The massively gaping hole in this argument, of course, is that Paul nowhere says that the ability to perform miracles are limited to apostles.  In 1 Cor. 12:28-30 he writes, “And God has appointed in the church first apostles, second prophets, third teachers, then miracles, then gifts of healing, helping, administrating, and various kinds of tongues. Are all apostles? Are all prophets? Are all teachers? Do all work miracles? Do all possess gifts of healing? Do all speak with tongues? Do all interpret?”  In other words, Paul is saying that no one group of people has a corner on the market on any spiritual gift.  To fill in the answer to Paul’s rhetorical questions: Are all apostles? No, but some are! Are all prophets? No, but some are! Are all teachers? No, but some are! Do all work miracles? No, but some do! Do all possess gifts of healing? No, but some do! … You get the picture.  Simply because the gift of apostleship (conferred only on those who have actually seen the resurrection Christ bodily [Acts 1:22])  has ended does not entail that all spiritual gifts have ceased.  Which leads us to the next nearly laughable cessationist argument.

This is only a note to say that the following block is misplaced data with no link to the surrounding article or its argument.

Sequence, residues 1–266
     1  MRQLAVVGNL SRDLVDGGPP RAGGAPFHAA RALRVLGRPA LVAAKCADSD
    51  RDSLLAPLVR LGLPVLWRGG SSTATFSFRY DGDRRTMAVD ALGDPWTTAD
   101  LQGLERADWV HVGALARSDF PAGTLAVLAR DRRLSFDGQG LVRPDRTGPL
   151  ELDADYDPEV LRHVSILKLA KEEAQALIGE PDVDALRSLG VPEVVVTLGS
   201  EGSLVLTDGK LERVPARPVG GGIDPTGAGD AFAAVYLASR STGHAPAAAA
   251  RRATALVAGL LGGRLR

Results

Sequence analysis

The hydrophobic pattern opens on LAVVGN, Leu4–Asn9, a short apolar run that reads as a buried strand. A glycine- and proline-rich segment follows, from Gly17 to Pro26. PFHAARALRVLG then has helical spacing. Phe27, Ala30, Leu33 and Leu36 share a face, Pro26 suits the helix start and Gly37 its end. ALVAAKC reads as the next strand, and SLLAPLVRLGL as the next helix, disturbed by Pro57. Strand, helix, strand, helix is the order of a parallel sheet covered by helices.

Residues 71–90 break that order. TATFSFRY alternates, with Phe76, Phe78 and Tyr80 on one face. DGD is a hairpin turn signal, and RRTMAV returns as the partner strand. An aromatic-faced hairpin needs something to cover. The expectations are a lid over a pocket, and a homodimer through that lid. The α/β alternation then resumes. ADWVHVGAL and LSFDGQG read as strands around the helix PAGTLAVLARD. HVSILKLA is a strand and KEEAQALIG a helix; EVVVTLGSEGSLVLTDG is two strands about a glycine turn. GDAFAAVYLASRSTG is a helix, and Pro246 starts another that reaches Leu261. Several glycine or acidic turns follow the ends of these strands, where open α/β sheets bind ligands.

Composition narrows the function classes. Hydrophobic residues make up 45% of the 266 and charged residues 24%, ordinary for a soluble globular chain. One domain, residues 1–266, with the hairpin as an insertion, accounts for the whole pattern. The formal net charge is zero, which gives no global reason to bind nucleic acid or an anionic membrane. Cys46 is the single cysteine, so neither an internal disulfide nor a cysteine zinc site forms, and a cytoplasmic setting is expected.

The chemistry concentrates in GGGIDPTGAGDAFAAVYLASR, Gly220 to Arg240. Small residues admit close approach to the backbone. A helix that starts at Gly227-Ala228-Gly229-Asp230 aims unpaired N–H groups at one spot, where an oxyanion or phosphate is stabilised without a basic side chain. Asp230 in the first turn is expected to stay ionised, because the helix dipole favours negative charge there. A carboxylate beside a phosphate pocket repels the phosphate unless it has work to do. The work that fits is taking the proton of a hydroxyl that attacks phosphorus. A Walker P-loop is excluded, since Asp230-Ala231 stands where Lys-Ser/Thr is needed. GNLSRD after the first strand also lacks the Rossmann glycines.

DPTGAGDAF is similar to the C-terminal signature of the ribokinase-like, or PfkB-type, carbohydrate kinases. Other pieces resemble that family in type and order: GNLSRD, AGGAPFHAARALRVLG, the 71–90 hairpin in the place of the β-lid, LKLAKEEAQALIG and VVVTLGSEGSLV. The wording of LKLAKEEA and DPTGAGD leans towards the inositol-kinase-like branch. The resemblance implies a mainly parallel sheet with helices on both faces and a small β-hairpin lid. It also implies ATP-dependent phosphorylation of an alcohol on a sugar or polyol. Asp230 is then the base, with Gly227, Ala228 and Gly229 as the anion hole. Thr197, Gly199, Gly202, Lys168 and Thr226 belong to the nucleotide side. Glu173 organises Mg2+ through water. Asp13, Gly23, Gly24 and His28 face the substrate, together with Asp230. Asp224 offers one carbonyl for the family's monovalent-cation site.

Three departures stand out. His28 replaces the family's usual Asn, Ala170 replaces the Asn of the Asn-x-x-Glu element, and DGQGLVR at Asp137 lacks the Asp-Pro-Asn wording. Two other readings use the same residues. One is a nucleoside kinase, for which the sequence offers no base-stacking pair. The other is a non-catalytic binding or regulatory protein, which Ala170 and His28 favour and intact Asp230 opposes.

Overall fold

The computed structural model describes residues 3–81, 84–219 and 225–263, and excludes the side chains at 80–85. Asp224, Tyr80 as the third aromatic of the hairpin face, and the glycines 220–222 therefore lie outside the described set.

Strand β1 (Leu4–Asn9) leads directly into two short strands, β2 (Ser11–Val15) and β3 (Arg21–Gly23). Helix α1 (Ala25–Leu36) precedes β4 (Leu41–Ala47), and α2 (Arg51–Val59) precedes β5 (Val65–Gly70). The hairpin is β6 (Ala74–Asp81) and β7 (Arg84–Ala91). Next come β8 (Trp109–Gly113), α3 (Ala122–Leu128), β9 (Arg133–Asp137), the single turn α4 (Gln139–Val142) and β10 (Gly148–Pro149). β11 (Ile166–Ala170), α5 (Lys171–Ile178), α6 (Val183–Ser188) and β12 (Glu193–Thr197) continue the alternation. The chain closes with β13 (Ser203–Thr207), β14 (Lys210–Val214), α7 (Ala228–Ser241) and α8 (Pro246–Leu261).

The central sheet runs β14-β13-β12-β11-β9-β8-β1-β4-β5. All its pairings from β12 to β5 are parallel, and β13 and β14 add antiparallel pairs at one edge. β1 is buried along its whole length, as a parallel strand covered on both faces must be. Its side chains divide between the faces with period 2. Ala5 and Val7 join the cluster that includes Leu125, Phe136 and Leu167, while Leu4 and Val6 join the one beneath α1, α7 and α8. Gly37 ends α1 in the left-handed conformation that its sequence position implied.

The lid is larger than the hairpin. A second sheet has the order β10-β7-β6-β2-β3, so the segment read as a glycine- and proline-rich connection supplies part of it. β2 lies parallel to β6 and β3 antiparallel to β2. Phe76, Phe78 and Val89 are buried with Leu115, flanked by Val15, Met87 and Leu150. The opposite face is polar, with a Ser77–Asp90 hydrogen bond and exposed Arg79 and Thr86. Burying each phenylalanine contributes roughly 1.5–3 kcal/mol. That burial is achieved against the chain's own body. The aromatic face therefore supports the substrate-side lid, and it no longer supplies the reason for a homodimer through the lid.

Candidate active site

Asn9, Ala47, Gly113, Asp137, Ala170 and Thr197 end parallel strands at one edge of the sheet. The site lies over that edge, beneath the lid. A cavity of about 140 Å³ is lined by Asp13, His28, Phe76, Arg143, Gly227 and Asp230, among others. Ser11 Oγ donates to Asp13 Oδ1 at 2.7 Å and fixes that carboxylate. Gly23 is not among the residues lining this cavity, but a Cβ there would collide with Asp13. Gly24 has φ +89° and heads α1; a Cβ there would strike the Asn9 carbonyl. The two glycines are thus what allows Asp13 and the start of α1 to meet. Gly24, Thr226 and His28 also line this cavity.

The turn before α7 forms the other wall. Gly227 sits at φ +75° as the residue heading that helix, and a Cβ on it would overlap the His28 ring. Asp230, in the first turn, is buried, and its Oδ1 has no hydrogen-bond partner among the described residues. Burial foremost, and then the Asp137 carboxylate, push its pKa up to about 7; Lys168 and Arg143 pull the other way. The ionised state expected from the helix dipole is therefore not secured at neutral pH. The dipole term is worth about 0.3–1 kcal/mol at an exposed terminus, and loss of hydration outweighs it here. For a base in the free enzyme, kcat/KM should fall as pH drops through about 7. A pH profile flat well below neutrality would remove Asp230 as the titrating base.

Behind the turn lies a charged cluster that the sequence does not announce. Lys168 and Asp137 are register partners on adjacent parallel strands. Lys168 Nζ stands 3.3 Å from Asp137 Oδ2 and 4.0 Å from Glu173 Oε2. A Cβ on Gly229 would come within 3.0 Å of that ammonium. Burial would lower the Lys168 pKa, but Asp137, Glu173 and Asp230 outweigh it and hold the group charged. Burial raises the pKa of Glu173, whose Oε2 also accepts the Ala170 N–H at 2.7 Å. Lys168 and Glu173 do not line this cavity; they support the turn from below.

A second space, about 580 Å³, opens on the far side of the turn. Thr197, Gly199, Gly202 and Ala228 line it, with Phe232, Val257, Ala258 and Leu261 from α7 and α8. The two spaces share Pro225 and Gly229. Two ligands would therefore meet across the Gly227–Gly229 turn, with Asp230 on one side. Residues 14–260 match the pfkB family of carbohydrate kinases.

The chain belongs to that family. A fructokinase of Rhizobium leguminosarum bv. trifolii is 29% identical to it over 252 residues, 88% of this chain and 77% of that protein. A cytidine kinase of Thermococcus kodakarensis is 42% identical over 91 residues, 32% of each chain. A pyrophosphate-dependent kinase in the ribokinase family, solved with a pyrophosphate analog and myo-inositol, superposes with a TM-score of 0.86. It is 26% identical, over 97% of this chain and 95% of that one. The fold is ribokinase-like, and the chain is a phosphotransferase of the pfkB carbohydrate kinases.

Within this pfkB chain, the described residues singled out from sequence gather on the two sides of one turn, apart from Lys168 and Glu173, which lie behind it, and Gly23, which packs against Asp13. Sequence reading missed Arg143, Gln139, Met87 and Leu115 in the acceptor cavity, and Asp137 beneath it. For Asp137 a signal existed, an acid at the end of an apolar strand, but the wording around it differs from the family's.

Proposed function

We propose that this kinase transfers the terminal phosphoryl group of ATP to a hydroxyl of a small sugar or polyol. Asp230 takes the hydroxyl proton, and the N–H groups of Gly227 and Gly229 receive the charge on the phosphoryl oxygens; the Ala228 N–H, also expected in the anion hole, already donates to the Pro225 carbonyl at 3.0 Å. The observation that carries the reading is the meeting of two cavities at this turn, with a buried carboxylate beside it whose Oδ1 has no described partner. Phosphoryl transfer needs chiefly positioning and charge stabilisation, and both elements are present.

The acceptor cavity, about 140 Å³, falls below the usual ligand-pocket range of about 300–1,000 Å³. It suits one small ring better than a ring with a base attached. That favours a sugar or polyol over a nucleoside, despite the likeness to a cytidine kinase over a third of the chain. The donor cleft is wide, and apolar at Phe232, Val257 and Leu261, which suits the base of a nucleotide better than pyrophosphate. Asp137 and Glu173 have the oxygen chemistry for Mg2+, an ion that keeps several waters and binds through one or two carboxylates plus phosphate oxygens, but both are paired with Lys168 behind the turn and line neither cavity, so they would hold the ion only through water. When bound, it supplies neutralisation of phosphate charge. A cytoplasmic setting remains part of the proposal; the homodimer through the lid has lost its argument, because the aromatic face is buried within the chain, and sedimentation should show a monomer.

In 1 Cor. 13:8-10, Paul writes, “Love never ends. As for prophecies, they will pass away; as for tongues, they will cease; as for knowledge, it will pass away.  For we know in part and we prophesy in part, but when the perfect comes, the partial will pass away.”  There is considerable debate over what “the perfect” (v. 10) refers to.  But no reputable New Testament scholar or theologian in the last 80 years has made a serious argument that “the perfect” refers to the close of the canon of Scripture, as some cessationists have.  There is zero biblical (or extra-biblical) support for arguing that τέλειος refers to the finished Bible, after which the miraculous gifts will cease.  The word almost certainly refers to the return of Christ (cf. 1 Cor. 13:12).